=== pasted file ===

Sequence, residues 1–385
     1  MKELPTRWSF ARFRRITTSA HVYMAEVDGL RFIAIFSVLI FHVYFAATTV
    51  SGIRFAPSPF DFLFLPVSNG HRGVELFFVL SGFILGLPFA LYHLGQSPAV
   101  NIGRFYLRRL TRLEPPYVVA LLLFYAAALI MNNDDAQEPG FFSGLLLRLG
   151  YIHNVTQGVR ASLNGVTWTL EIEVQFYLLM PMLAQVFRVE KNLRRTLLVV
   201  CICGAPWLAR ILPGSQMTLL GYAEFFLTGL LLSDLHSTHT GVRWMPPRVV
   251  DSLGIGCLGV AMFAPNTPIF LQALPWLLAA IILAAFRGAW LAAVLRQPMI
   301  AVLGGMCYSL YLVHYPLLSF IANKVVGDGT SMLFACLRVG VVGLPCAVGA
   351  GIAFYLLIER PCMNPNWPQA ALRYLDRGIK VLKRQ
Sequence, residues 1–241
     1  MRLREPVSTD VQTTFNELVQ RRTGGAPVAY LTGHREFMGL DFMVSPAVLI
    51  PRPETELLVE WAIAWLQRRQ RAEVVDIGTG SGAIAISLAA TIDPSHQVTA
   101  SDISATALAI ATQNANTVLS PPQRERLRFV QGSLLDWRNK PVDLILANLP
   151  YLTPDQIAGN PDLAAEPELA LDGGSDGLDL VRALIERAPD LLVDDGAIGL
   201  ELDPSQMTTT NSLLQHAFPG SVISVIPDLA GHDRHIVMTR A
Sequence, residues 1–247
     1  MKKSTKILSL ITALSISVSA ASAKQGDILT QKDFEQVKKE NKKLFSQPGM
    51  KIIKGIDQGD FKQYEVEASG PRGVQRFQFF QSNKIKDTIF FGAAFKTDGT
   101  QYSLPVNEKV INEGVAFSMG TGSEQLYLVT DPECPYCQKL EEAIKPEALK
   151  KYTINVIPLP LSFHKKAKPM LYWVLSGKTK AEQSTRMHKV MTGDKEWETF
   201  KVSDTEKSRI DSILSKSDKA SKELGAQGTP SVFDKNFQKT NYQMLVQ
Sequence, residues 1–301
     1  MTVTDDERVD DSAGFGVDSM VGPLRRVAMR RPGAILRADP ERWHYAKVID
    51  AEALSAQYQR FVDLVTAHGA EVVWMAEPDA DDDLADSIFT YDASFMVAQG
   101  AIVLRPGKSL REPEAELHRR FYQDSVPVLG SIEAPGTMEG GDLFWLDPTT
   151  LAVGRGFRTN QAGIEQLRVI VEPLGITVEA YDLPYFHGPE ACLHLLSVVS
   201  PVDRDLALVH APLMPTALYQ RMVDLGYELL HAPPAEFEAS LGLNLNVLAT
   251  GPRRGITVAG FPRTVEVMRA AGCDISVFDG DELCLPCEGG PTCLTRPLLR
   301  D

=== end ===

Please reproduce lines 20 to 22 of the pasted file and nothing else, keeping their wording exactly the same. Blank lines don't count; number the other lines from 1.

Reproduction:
   151  KYTINVIPLP LSFHKKAKPM LYWVLSGKTK AEQSTRMHKV MTGDKEWETF
   201  KVSDTEKSRI DSILSKSDKA SKELGAQGTP SVFDKNFQKT NYQMLVQ
Sequence, residues 1–301